TAMPA, Fla. — The new school year is just getting underway, but there have already been several reports of students making threats on social media.
Just this week at least two students in the Tampa Bay area were arrested for making written threats.
- 12-year-old girl arrested for threatening mass shooting at a Hillsborough middle school on SnapChat
- Florida high school student arrested after posting shooting threat on video game chat
- At least 28 people have been arrested over threats to commit mass attacks since the El Paso and Dayton shootings
Dr. Kathleen Heide works at USF’s Department of Criminology. She’s made studying juvenile homicide offenders her life’s work.
“In some respects the children don’t realize the severity of what they are doing,” she said.
But, Heide says even if threats of violence are coming from young children they need to be taken seriously.
She cites the example of the ’98 school shooting in Arkansas which was done by boys who were 13 and 11.
They killed four students and a teacher.
“There are some children who are seriously disturbed who, as much as we find it hard to believe, could act on threats like that.”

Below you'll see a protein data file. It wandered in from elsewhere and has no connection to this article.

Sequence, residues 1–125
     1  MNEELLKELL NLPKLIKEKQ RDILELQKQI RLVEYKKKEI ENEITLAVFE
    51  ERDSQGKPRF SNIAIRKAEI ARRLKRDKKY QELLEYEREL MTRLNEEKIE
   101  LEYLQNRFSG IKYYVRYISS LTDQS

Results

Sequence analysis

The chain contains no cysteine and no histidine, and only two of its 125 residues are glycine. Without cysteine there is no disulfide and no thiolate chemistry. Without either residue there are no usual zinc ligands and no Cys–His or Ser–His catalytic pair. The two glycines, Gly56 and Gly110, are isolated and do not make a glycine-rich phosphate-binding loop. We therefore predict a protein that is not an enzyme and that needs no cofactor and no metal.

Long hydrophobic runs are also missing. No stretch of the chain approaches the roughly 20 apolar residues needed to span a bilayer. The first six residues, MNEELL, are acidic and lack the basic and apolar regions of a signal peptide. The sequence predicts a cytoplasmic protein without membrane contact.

Heide says the days of making jokes about something as serious as a school shooting are over.
However, because children are still undergoing brain development, she says they can be more impulsive than adults.
“When they are in a certain mind state it’s hard for them, much more than an adult, to stop, think and deliberate and change their course of action.”
The professor says their are signs parents can look for like depression or if children are isolating themselves excessively playing violent video games, while excluding other social behaviors.
“Some are just indicating it’s a cry for help. They are very unhappy. They are angry. And they are signaling that.”
Heide says parents need to talk with their children before something happens where there is no turning back.
School threats, no matter how harmless the intent, can carry a felony charge.